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The Business of Drivel: Nash Equilibrium in Publishing

October 21, 2015

 

 

People just aren’t reading anymore, or so publishers tell us. Sales are dwindling; bookstores and publishers alike are closing their doors. On the surface it seems fair to assert that there might not be much of a market for books right now. Publishers insist on this as the explanation for the dire state of their industry.

 

Under scrutiny, however, these statements start to sound absurd. Literacy rates have climbed prodigiously over the last few decades, with world population growing steadily all the while. There are more readers than ever before. On average they have more disposable income than any previous generation. 

 

In the meantime, nerd culture has become main-stream and intellectualism has become socially acceptable. ‘The book was better’ is a rallying cry for a generation desperate to appear smart and discerning. 

 

I find myself unable to accept the assertion that there is no market for books.

 

There must be a more compelling explanation. One possibility stands out in particular. People aren’t buying books because bookstores simply don’t have anything good.

 

If that notion is difficult to believe, just take a walk through a bookstore. Don’t head for the sections you normally frequent; just grab books at random. Now, and this is important, be careful not to accidentally buy them. Rather, just take a look at what you’re holding. Odds are that there is nothing in your hands that you would ever want to read.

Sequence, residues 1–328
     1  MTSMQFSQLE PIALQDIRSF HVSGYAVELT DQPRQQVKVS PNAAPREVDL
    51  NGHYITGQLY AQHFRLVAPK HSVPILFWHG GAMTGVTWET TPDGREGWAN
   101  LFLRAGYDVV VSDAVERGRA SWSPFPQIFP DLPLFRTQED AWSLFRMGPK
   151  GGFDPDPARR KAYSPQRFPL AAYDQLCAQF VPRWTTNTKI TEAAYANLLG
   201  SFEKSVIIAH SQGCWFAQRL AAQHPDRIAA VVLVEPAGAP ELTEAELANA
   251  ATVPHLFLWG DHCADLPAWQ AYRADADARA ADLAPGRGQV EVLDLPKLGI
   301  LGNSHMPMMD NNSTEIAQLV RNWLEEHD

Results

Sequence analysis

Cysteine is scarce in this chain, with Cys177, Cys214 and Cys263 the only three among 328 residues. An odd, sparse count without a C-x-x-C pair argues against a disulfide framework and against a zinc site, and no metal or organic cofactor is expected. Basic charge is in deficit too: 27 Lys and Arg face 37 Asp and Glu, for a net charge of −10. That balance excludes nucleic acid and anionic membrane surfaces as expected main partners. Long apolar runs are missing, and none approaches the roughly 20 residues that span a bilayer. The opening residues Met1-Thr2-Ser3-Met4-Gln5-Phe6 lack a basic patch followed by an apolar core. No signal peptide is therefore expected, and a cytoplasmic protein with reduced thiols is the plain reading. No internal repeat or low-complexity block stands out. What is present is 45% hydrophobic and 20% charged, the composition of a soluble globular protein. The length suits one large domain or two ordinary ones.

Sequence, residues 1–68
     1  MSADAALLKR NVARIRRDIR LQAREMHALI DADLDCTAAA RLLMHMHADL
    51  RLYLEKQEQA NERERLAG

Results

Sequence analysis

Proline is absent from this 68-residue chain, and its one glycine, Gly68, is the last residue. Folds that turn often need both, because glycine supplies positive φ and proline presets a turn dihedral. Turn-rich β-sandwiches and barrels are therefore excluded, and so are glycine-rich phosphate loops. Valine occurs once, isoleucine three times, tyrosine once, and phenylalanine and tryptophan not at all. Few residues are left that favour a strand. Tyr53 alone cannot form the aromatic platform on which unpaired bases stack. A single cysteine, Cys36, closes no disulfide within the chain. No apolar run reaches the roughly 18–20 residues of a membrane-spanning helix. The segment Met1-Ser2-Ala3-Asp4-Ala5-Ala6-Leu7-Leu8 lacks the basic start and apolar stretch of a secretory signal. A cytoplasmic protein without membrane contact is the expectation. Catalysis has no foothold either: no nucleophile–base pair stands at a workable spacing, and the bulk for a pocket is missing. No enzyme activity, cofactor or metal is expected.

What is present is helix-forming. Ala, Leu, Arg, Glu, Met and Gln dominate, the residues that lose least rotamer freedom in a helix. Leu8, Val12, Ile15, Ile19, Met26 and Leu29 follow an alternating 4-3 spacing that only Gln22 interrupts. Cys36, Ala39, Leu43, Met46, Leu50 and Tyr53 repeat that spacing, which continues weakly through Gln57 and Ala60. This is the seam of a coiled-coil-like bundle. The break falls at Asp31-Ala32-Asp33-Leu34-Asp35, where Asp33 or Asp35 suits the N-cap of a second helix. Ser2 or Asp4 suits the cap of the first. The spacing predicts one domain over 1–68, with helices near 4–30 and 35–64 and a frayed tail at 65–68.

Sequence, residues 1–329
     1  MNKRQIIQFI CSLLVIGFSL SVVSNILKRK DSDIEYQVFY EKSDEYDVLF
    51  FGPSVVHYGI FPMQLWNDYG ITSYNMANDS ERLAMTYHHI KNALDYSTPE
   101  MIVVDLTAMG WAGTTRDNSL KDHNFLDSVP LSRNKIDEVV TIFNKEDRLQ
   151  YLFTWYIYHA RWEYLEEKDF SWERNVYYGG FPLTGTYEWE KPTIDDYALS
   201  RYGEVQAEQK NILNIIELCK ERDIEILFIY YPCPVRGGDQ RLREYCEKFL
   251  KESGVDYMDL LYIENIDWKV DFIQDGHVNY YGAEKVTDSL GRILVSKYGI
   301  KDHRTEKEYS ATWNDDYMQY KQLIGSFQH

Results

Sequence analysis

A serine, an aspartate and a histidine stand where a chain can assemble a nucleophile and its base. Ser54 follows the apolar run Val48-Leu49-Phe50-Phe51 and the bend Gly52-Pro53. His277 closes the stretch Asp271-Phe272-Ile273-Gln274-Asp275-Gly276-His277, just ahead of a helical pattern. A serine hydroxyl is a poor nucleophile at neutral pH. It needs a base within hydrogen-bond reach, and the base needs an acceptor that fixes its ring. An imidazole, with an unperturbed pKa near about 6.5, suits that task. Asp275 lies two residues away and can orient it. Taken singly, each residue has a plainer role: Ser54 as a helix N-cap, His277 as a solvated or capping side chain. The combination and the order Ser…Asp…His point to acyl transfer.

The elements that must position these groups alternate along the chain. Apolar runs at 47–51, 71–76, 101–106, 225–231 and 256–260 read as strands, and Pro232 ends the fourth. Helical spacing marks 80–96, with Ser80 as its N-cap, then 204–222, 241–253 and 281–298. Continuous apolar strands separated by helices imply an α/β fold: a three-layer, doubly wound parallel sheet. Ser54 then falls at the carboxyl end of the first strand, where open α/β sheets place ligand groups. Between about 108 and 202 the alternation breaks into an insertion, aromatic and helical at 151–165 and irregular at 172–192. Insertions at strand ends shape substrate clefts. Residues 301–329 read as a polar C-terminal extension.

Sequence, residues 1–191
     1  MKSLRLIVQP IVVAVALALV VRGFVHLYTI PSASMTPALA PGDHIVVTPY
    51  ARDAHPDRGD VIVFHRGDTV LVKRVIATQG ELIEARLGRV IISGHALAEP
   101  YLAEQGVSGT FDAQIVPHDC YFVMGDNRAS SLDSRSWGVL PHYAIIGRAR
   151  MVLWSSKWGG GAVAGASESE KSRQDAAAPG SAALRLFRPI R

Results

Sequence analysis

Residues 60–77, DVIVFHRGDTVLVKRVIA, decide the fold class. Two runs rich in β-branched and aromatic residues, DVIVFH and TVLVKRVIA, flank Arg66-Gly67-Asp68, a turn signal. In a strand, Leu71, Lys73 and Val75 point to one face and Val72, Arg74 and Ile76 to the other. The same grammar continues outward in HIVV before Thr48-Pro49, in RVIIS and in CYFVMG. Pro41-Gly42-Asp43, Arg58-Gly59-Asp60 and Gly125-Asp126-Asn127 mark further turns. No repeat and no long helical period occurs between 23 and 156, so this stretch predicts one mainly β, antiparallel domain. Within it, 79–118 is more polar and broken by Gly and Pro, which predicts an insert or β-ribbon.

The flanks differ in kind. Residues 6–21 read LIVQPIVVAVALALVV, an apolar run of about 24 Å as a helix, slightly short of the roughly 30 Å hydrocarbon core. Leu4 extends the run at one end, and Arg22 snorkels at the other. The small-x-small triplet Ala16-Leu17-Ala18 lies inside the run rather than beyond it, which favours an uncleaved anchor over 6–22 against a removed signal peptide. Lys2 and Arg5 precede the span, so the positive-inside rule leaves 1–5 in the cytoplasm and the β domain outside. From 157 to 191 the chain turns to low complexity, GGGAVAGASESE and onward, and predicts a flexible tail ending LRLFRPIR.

That’s certainly my reaction, and the reaction of most readers that I know. I’m no book hater; I’m a fairly prolific reader; three to five books in a typical week. I love books in a way that the average person would find off-putting. And yet even I find a bookstore’s typical contents to be distasteful at best.

If that’s the reaction of a devoted reader, try to imagine how someone would feel browsing a bookstore’s shelves for the first time. With no idea what they might like or where to find it, they’re adrift in a sea of drivel. It’s little wonder that people aren’t buying books; they can’t find any worth reading.

 

For those of you who are sceptical I point out that everyone reading this has an unusual level of interest in books. Not only do you like books more than most people, you’re also willing to put more effort into finding what you like. Your experience of reading is downright rosy by comparison to what the average person can expect. If you ever find yourself rolling your eyes at some of the tripe that makes it onto bookstore shelves, just put yourself in the shoes of someone who tried to read that tripe without knowing better.

 

Every time that happens, there’s a good chance that the publishing industry loses a customer for good. That’s a pretty compelling narrative for how the book market continues to shrink in such favourable conditions. We have arrived at a state of affairs where people want to read and want to be seen to read, but won’t step into a bookstore.

 

When books are bad, people stop buying books.

 

There is one key component missing from our narrative. How did books become so bad, and why? Surely the publishing industry has a vested interest in producing books that people enjoy reading, how could they possibly have made a business of poisoning their own market by churning out drivel? 

The answer, or at least part of it, lies in basic game theory. Printing one title and selling three thousand copies brings in less money than printing two titles that each sell two thousand copies. Twenty titles selling a thousand copies apiece is an even better bet. In the past, the high capital costs involved in getting a book to press made this a losing strategy. The advent of digital printing slashed those capital costs and removed the need for publishers to be selective, a phenomenon reinforced by the growing popularity of e-books.

 

The results have been staggering. As an example, the 2013 Bowker report indicates that the total number of ISBNs registered annually in the US increased tenfold between 2002 and 2012. With ten times as many books on the market,